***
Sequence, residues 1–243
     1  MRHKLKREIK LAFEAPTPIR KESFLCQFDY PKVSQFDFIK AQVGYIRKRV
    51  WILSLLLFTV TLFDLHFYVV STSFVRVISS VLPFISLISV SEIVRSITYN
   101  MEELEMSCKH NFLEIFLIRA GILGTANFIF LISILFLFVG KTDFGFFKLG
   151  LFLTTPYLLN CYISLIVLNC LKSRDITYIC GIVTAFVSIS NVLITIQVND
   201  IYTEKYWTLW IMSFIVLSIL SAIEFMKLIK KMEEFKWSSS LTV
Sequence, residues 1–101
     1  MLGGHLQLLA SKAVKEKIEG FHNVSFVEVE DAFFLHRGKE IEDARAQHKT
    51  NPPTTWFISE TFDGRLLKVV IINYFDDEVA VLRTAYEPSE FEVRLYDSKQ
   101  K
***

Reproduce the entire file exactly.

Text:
Sequence, residues 1–243
     1  MRHKLKREIK LAFEAPTPIR KESFLCQFDY PKVSQFDFIK AQVGYIRKRV
    51  WILSLLLFTV TLFDLHFYVV STSFVRVISS VLPFISLISV SEIVRSITYN
   101  MEELEMSCKH NFLEIFLIRA GILGTANFIF LISILFLFVG KTDFGFFKLG
   151  LFLTTPYLLN CYISLIVLNC LKSRDITYIC GIVTAFVSIS NVLITIQVND
   201  IYTEKYWTLW IMSFIVLSIL SAIEFMKLIK KMEEFKWSSS LTV
Sequence, residues 1–101
     1  MLGGHLQLLA SKAVKEKIEG FHNVSFVEVE DAFFLHRGKE IEDARAQHKT
    51  NPPTTWFISE TFDGRLLKVV IINYFDDEVA VLRTAYEPSE FEVRLYDSKQ
   101  K